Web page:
Does Anxiety Get Worse with Age?

Medically reviewed by Dr. Mark Hrymoc, M.D.

Does anxiety get worse with age? Anxiety doesn’t necessarily worsen with age, but older adults may experience increased anxiety due to factors like health issues, loss of loved ones, or changes in living situations. Treatment and coping strategies can help manage anxiety, but it’s essential to consider individual circumstances to understand how age may affect it.

Anxiety is normal and can sometimes be a good thing. Anxiety can motivate you to seek safety in a dangerous situation. For some, anxiety occurs for no apparent reason. Or something that may cause others to feel only slightly anxious causes you to feel an overwhelming sense of dread and fear. You may start sweating, feel your muscles tense, and notice your heart racing. You may even begin to panic.

Symptoms like these can happen at any age. The Anxiety and Depression Association of America reports that nearly 32% of adolescents between 13 and 18 and 19% of adults over 18 struggle with an anxiety disorder. In addition, over 15% of older adults over 65 have a diagnosable anxiety disorder. Almost all reports on age and anxiety show that the group most affected by anxiety is adolescents, followed by adults and older adults.

Such reports suggest that adults over 60 are the least affected by anxiety and that anxiety is not a normal part of aging. However, they may be missing some crucial factors.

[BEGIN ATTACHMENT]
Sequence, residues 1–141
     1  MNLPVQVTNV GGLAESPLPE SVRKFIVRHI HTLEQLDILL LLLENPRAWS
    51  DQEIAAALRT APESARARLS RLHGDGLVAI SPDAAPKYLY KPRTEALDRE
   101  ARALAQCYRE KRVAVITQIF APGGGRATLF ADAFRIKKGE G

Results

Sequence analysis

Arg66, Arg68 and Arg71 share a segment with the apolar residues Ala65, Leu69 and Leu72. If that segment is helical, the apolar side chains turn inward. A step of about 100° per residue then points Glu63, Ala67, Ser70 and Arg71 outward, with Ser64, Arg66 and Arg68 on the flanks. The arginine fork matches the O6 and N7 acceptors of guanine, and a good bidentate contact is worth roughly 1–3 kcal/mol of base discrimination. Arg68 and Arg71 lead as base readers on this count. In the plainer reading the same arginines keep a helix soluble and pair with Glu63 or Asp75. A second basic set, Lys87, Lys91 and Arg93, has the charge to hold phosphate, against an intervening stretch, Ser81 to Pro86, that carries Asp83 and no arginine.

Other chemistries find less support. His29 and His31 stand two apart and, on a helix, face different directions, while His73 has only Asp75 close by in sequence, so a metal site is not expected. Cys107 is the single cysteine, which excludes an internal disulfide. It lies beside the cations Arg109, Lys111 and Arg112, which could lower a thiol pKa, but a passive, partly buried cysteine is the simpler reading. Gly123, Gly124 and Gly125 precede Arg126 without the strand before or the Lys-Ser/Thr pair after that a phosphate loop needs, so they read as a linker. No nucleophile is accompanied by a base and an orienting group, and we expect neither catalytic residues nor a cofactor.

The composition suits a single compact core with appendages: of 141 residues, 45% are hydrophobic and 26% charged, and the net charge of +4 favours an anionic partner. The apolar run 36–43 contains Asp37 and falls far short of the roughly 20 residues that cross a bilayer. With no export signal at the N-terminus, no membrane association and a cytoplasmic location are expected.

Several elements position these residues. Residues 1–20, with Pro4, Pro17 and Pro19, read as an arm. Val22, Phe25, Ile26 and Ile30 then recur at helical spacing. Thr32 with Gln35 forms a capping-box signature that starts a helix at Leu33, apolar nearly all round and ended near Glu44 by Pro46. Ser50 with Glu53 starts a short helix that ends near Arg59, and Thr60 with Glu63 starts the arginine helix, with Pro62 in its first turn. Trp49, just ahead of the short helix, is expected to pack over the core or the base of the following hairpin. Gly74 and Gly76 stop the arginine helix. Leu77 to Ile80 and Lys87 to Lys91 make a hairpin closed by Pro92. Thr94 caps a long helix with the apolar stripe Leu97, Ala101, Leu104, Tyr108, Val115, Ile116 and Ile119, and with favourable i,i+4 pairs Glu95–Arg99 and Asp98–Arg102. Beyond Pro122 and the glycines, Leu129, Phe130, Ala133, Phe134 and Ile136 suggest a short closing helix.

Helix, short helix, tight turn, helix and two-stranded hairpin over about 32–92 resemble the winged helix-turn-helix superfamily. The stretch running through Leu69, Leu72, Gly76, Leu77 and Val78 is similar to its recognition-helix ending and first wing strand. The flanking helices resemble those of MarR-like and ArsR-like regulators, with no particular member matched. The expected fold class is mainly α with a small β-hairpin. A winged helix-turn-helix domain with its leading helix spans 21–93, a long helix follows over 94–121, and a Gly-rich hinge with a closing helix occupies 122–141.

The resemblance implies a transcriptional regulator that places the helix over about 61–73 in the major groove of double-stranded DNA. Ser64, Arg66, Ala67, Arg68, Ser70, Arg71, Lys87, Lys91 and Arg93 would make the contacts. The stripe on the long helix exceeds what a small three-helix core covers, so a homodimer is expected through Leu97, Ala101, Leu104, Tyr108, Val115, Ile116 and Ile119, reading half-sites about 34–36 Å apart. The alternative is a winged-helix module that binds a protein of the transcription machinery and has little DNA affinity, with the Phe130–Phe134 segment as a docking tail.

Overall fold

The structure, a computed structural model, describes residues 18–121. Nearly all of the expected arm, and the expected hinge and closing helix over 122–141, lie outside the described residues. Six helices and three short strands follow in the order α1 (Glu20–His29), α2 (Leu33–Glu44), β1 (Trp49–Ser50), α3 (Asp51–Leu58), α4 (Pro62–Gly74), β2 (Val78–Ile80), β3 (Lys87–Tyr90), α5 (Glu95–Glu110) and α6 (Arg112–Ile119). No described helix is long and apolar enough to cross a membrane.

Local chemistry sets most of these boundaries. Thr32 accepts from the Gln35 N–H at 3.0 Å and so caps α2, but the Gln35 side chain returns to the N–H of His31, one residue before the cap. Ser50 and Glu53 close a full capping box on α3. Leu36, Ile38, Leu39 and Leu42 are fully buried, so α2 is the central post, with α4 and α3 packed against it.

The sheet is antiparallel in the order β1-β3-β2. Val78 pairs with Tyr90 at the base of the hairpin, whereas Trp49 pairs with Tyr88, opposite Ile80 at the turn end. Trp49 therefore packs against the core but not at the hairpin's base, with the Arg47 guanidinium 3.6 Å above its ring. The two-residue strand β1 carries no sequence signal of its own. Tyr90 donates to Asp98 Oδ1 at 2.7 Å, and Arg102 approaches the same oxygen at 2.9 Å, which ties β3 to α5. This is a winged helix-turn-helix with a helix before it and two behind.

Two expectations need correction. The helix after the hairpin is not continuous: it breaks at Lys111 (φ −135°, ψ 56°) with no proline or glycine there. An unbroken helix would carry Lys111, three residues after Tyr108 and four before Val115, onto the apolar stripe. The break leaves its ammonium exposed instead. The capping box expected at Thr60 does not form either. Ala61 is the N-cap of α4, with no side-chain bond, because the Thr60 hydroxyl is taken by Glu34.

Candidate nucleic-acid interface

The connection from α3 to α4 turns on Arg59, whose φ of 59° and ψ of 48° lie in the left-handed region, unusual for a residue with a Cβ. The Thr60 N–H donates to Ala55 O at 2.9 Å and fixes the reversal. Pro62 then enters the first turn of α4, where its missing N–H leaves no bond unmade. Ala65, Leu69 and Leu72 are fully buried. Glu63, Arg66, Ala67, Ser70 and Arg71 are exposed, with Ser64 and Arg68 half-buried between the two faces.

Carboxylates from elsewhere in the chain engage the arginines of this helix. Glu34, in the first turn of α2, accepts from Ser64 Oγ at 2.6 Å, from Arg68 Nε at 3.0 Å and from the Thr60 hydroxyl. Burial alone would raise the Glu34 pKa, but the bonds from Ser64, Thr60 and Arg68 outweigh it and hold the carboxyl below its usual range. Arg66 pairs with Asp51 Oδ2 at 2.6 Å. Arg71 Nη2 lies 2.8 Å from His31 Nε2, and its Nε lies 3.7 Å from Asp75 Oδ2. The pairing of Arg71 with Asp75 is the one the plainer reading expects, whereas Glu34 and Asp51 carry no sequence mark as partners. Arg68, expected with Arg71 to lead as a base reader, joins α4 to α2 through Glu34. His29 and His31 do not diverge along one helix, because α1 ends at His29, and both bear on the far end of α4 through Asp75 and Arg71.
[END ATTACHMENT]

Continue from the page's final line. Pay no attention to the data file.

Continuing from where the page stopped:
Does anxiety get worse with age?

Anxiety doesn’t necessarily worsen with age for everyone, but some older adults may experience an increase in anxiety symptoms. This can be linked to various factors including chronic health issues, cognitive decline, loss of loved ones, or fears related to aging and independence. Additionally, physiological changes that accompany aging might affect how anxiety is experienced and managed. A supportive network and appropriate medical care can help manage anxiety in older individuals.

Older Adults and Undiagnosed Anxiety

Many older adults with anxiety symptoms go undiagnosed simply because they do not tell their doctor or loved ones about them. Below are some common reasons an aging person may not report their anxiety:

  • They do not know that what they are experiencing is anxiety. 
  • They still have stigmas related to seeking mental health treatment. 
  • They feel embarrassed.
  • They relate their symptoms to something else, like a medical condition.
  • They think their symptoms are a part of aging.

Older Adults Are Misdiagnosed

Doctors never intend to misdiagnose someone, especially someone with anxiety. Unfortunately, there is not a specific test to help them diagnose a mental health disorder, only feedback from the patient. Your symptoms can’t be diagnosed or treated if you don’t report your symptoms.

Even when someone does report their symptoms, a doctor may unintentionally misdiagnose them. Reasons include:

  • They think the symptoms are related to a physical health condition.
  • They believe the symptoms are side effects of the medication they prescribed.
  • They mistake the symptoms for similar conditions.

The physical and psychological symptoms of anxiety mimic other conditions. For example, a doctor may mistake chest pains from panic attacks for a cardiac event. They may think anxiety-produced digestive issues are irritable bowel syndrome, and more, including:

  • Dizziness and headaches for inflammatory diseases
  • Shortness of breath and chest pains for respiratory disorders
  • Cognitive decline for dementia or Alzheimer’s

Symptoms Change as You Age